While most candidates burn the midnight oil, Sabyasachi Mishra cracked one of the toughest examinations, the Common Admission Test (CAT) in his first attempt in 2015. While preparing for his last semester examination at the Indian Institute of Technology (IIT) Kharagpur, he scored a perfect 100 percentile. However, he has opted for the deferred admission policy and will join the Indian Institute of Management (IIM) Ahmedabad after two years.
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He elaborates his exam strategy, future plans and shares his new found love – making friends.
You cracked CAT 2015 while you were pursuing mechanical engineering. How did you manage to get time for CAT preparation?
I used to study mostly on the weekends. Weekdays were packed up owing to the final year schedule at IIT. During the last few days, I devoted my time completely towards CAT preparation.
Tell us a little about your academic background.
I would not call myself scholarly but I was a bright student and scored good marks. In the CBSE Class 10 examination, I got 89.8 per cent while in Class 12, I scored 79 per cent. In IIT Kharagpur, my CGPA was 7.45.
How easy it is for an engineering student to crack CAT?
Qualifying an entrance examination entirely depends on how focused an individual is. It doesn’t matter if you are an engineering student or a commerce graduate, your confidence over your subjects is the key to success. To get a more than 90 percentile is easy with just three to four months of preparation.
Did you take any coaching for CAT preparation?
Yes, I had been enrolled in various coaching institutes throughout different steps of the CAT journey.
What were your strengths and weakness (in terms of subjects)?
I knew I am good in Data Interpretation and Logical Reasoning (DILR) and quantitative analytics (QA). But I was not confident with Verbal Ability and Reading Comprehension (VARC). Therefore, I referred to a lot of CAT preparation materials available in the market as well as GMAT guides.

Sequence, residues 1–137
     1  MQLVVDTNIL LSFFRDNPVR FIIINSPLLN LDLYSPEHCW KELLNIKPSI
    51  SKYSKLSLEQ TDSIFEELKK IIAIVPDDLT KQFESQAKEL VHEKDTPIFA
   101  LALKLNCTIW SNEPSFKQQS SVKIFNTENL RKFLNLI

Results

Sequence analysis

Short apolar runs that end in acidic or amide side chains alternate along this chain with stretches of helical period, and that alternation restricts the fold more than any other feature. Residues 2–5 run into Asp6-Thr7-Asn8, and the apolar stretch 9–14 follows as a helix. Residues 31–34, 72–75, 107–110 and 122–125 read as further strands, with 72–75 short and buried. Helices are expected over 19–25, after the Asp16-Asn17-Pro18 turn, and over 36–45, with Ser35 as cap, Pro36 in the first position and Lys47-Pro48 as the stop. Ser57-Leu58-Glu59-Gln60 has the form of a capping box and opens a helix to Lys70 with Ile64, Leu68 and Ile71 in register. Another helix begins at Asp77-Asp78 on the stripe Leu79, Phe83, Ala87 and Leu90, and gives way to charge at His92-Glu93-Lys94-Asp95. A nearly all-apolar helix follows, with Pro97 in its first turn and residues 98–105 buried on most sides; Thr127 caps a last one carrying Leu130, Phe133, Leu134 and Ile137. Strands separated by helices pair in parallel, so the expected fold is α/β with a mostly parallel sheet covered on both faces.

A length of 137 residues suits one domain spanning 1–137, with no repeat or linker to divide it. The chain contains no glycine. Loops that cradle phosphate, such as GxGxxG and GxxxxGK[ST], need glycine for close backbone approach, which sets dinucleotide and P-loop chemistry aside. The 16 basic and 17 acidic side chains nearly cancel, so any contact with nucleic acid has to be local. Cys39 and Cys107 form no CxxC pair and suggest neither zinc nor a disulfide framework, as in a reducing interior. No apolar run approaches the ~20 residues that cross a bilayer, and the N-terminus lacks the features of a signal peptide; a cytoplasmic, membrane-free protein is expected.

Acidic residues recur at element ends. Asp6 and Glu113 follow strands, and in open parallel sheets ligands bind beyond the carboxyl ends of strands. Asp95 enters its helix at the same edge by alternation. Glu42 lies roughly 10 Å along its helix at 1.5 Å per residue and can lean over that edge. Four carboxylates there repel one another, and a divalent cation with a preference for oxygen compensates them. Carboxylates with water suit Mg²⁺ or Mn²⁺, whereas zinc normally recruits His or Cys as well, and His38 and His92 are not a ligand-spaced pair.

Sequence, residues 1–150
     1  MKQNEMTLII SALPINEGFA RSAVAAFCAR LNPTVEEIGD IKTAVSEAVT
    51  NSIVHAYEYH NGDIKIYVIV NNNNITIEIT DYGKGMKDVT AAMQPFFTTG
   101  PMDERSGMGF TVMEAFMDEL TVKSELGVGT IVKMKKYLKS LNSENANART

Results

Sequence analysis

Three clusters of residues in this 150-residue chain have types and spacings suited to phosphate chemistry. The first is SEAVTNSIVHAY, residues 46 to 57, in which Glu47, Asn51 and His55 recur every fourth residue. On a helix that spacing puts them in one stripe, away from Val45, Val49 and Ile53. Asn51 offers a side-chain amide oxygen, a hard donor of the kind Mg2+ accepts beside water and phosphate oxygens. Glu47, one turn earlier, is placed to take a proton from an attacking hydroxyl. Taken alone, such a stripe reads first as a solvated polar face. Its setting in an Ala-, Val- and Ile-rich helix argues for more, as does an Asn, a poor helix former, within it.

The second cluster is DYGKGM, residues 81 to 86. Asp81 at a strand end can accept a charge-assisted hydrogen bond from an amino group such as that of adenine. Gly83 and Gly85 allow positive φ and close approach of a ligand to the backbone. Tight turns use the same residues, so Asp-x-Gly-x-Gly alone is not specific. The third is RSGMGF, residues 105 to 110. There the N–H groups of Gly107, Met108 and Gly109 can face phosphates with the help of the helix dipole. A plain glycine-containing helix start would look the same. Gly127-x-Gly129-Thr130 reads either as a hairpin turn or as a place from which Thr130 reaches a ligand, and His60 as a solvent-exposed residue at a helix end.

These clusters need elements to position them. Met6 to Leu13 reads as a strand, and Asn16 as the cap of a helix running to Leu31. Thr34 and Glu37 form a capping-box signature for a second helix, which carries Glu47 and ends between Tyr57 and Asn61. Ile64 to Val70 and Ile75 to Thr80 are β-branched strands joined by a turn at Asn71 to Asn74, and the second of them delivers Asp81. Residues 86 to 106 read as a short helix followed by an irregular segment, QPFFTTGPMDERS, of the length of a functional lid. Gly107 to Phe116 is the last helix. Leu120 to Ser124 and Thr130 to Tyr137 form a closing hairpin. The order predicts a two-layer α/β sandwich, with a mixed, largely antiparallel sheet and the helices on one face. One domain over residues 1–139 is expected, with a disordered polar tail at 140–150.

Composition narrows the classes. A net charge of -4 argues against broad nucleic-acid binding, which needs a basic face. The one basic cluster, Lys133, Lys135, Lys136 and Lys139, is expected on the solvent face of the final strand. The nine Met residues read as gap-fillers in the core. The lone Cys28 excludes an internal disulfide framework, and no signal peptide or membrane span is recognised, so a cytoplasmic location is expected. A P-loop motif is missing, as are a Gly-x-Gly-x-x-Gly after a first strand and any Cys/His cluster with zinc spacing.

What was your exam strategy?
In QA, I solved all the questions in the sequence skipping one or two questions in between. The reason for this approach is that my grasp over this section was pretty good.
In VARC, I tried the RCs first. I spent some time skimming through the paper and answering only those questions that I am completely sure of. Then, based on the amount of time I have left and the number of questions remaining, I took a call as to whether or not to take a calculated guess.
I had completed both QA and VARC sections before time.
In the DILR section, my first passage (four questions) took me around 12 minutes which was way higher than my regular average.
Subsequently, I just read all the passages first and then attempted them in the order of my comfort level. Easy ones first and tough ones later. I attempted five passages (20 questions) and I was left with six minutes.
I knew I couldn’t have solved any passage completely, so I went through the 12 remaining questions without reading the passages and deciding which ones could be solved through option elimination.
I picked up a couple of questions, read their passages to help narrow down options and then guessed them.
Did you always want to be an engineer?
I have had goals in terms of acquiring a particular skill or learning a theory or being able to run a marathon and so on. I know the kind of work I would like and the job title doesn’t exactly matter. So, I didn’t want to be an engineer.
However, engineering isn’t that bad. A lot of engineering related skills are relevant even in other domains.
Any plans to start your own business?
I am focusing on making friends and finding pain points in different areas as of now. Someday when I find an issue that I want to solve, I would already have a team.
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